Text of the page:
US Secretary of Transportation forms council to bring Hyperloop to the US

By Ellen Daniel

The US Secretary of Transport Elaine Chao has announced a new council aimed at bringing Hyperloop technology to the US.

Announced at media conference South by Southwest, the Non-Traditional and Emerging Transportation Technology Council will focus on bringing new form of mass transportation to the United States and identify and resolve regulatory gaps with the aim of bringing the technology to commercialisation.

Virgin Hyperloop One has been in talks with the Department of Transportation (DOT) Secretary over the past few months, identifying the infrastructural changes needed to make the technology a reality. Although some components are similar to rail, there are other elements such as cabin pressurisation that require aviation expertise. The council will therefore explore how to integrate expertise across the department.

Jay Walder, CEO of Virgin Hyperloop One said:

“Hyperloop is a new mode of transportation that is built for the 21st century. We want to be the company that spearheads the next giant leap forward in transportation here in the United States but we know we can’t do it alone. We applaud the DOT for their support of this technology.”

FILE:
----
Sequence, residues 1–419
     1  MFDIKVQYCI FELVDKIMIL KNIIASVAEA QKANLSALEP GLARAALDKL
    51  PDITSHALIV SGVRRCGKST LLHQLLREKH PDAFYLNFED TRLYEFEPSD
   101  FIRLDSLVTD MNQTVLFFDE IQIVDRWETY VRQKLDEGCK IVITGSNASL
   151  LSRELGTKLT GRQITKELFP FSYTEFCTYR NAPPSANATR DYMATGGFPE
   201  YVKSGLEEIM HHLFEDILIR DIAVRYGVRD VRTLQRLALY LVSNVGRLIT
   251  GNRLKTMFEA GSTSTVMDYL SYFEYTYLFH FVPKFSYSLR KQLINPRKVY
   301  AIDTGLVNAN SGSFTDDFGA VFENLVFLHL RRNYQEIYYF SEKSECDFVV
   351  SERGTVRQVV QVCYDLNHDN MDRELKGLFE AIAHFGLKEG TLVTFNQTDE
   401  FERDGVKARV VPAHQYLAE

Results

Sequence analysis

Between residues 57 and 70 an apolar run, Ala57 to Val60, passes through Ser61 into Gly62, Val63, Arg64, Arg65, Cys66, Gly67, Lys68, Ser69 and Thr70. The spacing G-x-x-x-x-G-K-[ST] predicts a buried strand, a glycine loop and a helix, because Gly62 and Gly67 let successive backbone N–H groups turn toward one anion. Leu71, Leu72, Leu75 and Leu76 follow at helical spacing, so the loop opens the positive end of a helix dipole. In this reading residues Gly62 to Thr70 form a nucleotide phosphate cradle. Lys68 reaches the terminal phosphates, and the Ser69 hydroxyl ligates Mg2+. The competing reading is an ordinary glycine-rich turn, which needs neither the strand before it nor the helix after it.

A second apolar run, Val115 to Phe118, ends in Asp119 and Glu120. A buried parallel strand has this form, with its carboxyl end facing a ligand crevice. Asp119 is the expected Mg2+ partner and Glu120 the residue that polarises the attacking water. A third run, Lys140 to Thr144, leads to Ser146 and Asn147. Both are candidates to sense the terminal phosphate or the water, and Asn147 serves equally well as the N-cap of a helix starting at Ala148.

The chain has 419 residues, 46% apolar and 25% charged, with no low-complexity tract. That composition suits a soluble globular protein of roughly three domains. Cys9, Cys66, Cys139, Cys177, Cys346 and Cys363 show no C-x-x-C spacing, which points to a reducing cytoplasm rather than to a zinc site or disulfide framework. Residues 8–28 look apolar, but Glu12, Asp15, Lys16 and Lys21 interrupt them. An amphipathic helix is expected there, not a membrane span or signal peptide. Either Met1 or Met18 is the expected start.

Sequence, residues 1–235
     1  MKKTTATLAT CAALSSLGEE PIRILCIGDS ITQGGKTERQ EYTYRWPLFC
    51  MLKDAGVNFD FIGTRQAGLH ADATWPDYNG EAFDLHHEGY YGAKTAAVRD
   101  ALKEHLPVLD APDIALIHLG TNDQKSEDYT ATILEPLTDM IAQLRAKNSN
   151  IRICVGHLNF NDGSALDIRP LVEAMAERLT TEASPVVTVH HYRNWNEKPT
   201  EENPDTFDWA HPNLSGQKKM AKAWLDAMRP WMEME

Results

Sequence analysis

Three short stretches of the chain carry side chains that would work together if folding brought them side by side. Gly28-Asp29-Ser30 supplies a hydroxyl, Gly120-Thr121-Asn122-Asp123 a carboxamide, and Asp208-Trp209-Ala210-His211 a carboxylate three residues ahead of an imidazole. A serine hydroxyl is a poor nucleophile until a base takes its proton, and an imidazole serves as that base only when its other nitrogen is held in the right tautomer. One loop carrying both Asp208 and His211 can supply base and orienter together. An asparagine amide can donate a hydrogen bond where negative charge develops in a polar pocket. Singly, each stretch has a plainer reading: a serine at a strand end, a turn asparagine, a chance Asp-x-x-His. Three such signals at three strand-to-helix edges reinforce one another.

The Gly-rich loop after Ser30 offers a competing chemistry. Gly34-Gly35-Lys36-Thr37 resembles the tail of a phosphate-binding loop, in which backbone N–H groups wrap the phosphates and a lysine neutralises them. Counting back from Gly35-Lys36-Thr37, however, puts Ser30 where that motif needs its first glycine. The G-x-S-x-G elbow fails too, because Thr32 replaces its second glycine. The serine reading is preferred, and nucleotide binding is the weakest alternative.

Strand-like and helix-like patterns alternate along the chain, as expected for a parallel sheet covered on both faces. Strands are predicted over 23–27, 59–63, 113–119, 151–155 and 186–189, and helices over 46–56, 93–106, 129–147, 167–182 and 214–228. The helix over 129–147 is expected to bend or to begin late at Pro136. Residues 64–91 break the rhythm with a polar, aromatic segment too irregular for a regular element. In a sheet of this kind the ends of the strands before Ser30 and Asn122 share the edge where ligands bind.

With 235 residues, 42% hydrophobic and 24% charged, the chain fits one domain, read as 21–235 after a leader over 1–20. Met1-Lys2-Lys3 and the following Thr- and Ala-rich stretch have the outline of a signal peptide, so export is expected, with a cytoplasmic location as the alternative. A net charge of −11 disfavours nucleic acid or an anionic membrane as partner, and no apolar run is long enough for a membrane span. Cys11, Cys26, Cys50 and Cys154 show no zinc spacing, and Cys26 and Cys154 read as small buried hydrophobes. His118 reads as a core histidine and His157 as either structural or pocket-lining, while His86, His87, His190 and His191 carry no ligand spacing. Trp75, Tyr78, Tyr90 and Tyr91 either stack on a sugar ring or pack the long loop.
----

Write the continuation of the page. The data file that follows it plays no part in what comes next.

The council will hold its first planning meeting this week, and will be chaired by Deputy Secretary Jeffrey Rosen and vice chaired by Undersecretary of Transportation for Policy Derek Kan.

Along with hyperloop, the council will explore emerging technologies such as tunneling, autonomous vehicles and other innovations.

What is Hyperloop?

Hyperloop uses magnetic levitation to lift pods, carried by electric propulsion, above tracks. The pods are powered by “boosting stations” and can then glide, using less energy than high-speed trains. Nearly all of the air outside the pod is removed. This means there is very little aerodynamic drag, making it possible to travel at very high speeds.

Pods can travel at 300m a second, or 1080km per hour, making it possible to travel between cities at a rapid pace, opening up new possibilities for connectivity, commuting and the transporting of goods.

Although it is not yet possible to travel by Hyperloop, a Virgin Hyperloop One test loop has been operational since 2017, and Europe’s first development facility was opened in Spain last year. Virgin hopes to begin construction on its first functioning route this year.

In February last year, Virgin announced that The Indian State of Maharashtra intends to build a Virgin Hyperloop between Pune and Mumbai within five to seven years. If successful, a journey that currently takes three and a half hours by train could be reduced to just 25 minutes.

Projects are also underway in Missouri, Texas, Colorado, the Midwest and the UAE.